Lippmann did devote a recent column (September 7) to the Los Angeles riot, in which he showed that the violence and looting reflected not only the national failure to make free men of the Negroes but the failure to make our cities “civilized and safe.” But he characteristically saw these failures, “enormous” as they might be, as exceptions; he saw them as having “marred” our progress. A more disturbing possibility is that they are part of our progress: the price we pay for a system that never had to meet any other test than the production of goods. For Lippmann, the dehumanization of American cities and the brutalizing of the Negro remain technical rather than moral problems which can be solved by central planning; and his main worry is not that any solution would necessarily disturb vested interests—“that can be endured and absorbed in a nation which is in the main so well off”—but that the planners themselves will have neither the time nor the imagination for the task. The problem presents itself to Lippmann, in short, as a problem of leadership. But it may be that it is precisely the cult of leadership, which his own writings nowadays seem so often to reflect, that atrophies the will to solve our problems democratically. And it may be that unless they are solved democratically, they cannot he solved at all; for measures imposed from above, as we have learned from experience, are dictated by the requirements of bureaucratic evasion and delay. Centralized governments seek first of all to perpetuate themselves; they must not offend the powerful interests whose support is necessary to their survival. Real solutions will have to come from below.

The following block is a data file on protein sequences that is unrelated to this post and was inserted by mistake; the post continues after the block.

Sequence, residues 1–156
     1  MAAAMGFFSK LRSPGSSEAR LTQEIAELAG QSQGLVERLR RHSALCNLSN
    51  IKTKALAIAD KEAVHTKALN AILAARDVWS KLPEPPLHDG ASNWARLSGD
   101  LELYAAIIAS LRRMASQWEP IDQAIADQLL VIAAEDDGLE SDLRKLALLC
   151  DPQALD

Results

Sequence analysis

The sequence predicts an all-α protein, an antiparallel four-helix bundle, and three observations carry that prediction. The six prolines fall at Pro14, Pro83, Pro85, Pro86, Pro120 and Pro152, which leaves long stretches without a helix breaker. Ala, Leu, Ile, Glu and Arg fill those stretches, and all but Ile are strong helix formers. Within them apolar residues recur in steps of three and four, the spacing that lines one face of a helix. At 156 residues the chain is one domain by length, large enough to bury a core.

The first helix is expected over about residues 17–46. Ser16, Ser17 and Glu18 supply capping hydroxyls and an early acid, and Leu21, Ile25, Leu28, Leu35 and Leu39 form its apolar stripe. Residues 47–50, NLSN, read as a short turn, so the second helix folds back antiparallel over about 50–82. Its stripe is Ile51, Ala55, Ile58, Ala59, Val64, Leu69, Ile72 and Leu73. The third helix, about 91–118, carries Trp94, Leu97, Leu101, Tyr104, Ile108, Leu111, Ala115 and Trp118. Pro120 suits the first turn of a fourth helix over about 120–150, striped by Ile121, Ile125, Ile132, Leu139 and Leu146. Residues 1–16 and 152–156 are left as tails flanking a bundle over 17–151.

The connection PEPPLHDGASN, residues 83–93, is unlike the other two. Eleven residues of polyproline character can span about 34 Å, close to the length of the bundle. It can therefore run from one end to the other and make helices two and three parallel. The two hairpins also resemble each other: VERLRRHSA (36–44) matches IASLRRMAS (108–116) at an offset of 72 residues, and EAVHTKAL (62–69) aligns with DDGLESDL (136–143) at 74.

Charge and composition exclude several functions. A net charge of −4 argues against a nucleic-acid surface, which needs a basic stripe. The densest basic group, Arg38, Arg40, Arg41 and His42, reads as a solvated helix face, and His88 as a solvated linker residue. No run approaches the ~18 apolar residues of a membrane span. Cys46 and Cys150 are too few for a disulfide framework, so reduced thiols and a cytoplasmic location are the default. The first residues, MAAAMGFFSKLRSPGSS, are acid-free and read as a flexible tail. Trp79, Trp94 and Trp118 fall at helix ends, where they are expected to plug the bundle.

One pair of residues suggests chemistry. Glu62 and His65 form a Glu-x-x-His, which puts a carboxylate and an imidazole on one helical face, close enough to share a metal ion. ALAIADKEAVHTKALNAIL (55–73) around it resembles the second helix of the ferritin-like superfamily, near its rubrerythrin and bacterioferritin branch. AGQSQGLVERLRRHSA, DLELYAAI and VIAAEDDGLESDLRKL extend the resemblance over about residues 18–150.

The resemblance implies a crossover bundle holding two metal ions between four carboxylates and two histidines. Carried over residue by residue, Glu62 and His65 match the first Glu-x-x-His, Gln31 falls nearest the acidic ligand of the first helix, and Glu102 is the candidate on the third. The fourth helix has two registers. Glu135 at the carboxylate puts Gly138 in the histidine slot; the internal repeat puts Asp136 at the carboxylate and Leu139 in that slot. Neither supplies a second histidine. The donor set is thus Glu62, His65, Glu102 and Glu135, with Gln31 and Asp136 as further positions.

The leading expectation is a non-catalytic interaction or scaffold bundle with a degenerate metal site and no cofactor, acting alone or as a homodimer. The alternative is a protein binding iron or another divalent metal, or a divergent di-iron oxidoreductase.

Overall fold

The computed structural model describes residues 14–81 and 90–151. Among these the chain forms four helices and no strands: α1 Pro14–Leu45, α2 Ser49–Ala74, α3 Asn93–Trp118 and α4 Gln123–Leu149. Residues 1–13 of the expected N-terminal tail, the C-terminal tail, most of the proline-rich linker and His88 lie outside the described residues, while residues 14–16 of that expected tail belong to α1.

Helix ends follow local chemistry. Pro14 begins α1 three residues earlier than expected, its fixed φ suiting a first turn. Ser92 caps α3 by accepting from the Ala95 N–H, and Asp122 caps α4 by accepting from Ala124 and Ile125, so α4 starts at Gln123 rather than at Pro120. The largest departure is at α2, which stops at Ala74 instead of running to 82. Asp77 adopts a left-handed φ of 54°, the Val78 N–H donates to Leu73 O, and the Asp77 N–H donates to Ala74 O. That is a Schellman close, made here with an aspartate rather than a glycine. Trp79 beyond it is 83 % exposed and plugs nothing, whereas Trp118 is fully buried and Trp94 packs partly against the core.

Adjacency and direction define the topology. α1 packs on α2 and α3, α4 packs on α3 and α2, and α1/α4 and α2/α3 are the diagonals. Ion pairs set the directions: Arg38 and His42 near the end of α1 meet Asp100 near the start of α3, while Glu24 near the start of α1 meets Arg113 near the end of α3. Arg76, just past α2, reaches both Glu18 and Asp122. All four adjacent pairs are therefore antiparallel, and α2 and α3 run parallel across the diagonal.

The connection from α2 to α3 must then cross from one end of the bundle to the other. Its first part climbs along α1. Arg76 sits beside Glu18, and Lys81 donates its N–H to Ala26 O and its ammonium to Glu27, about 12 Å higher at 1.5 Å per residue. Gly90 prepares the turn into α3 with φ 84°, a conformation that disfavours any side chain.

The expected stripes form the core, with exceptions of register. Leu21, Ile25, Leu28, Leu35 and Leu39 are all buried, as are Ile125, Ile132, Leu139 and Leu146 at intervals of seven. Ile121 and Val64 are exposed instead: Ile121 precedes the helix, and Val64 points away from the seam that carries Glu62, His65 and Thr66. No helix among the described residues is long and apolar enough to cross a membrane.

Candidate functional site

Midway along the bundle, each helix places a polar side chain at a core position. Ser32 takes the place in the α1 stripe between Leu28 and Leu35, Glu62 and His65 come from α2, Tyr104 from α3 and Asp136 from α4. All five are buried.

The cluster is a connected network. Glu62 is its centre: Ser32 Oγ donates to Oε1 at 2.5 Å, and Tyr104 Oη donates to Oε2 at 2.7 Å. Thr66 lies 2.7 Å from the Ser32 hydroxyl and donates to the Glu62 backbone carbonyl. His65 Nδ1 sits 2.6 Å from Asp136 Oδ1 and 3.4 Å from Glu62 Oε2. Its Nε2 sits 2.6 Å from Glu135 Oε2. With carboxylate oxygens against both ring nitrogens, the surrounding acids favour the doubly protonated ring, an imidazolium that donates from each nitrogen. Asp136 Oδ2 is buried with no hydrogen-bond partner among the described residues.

It is strange that Lippmann should have come to put so much faith in leaders and leadership. There was a time when he thought otherwise. The Good Society, published in 1937, was a powerful attack on central planning and the centralized state. It described with great acuteness the process of “gradual collectivization,” showing that what liberals had come to uphold as the “broker state” really meant the rule of powerful pressure groups, buttressed by the awesome power of centralized government. “Reformers,” Lippmann noted, “justified the return to an authoritarian state by the fiction that the state now belonged to the people” but in fact “the official state has grown so large that the legislature has only the vaguest idea of what the officials are doing, and is wholly incapable of holding them to account.”


Nothing has happened since 1937 to diminish the force of these observations; yet at some point Lippmann abandoned this line of thought for the one that dominates his present commentary on the political scene. By 1955, when he wrote The Public Philosophy, he had become convinced that the country suffered not from an excess but from a breakdown of central authority, a “derangement of powers” in which the “massive negative” of mass opinion increasingly paralyzed the conduct of policy. Lippmann thus completed his journey from progressivism (Drift and Mastery, 1914) through classical liberalism (The Good Society) to Tocquevillean conservatism: now he found the greatest danger to liberty neither in the weight of tradition nor the rapacity of interests, but in the tyranny of the majority—in the language of the mid-twentieth century, the “mass society.” One of the most striking features of the polities of the cold war, it would seem, has been the unprecedented delegation of legislative powers—even the power to declare war—to the executive; yet Lippmann now held that precisely the reverse had occurred. “The enormous expansion of public expenditure, chiefly for war and reconstruction,” had “augmented the power” of legislative assemblies and served “to devitalize, to enfeeble, and to eviscerate the executive powers.”